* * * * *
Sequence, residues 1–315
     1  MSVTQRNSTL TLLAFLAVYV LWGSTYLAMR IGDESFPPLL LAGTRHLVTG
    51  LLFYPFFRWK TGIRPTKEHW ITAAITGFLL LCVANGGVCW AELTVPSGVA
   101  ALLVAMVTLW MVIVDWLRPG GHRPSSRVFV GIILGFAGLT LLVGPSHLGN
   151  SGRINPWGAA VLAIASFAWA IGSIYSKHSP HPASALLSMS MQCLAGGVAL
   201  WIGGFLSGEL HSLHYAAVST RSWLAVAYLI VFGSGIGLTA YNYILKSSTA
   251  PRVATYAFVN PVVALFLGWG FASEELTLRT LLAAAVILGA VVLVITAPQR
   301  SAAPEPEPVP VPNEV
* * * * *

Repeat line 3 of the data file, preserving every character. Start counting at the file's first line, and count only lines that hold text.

    51  LLFYPFFRWK TGIRPTKEHW ITAAITGFLL LCVANGGVCW AELTVPSGVA